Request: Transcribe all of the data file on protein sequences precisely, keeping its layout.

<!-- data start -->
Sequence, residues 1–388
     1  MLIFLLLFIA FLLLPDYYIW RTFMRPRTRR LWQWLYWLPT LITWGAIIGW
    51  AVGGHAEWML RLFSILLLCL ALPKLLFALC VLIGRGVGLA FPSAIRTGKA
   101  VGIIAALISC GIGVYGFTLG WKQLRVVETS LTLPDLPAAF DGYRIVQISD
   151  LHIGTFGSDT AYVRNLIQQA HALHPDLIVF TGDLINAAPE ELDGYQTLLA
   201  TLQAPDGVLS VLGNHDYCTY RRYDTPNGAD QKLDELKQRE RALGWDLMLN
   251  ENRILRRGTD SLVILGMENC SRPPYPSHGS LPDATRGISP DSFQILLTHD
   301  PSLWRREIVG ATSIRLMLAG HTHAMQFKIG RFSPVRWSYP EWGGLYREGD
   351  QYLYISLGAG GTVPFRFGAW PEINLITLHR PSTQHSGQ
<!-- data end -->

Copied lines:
Sequence, residues 1–388
     1  MLIFLLLFIA FLLLPDYYIW RTFMRPRTRR LWQWLYWLPT LITWGAIIGW
    51  AVGGHAEWML RLFSILLLCL ALPKLLFALC VLIGRGVGLA FPSAIRTGKA
   101  VGIIAALISC GIGVYGFTLG WKQLRVVETS LTLPDLPAAF DGYRIVQISD
   151  LHIGTFGSDT AYVRNLIQQA HALHPDLIVF TGDLINAAPE ELDGYQTLLA
   201  TLQAPDGVLS VLGNHDYCTY RRYDTPNGAD QKLDELKQRE RALGWDLMLN
   251  ENRILRRGTD SLVILGMENC SRPPYPSHGS LPDATRGISP DSFQILLTHD
   301  PSLWRREIVG ATSIRLMLAG HTHAMQFKIG RFSPVRWSYP EWGGLYREGD
   351  QYLYISLGAG GTVPFRFGAW PEINLITLHR PSTQHSGQ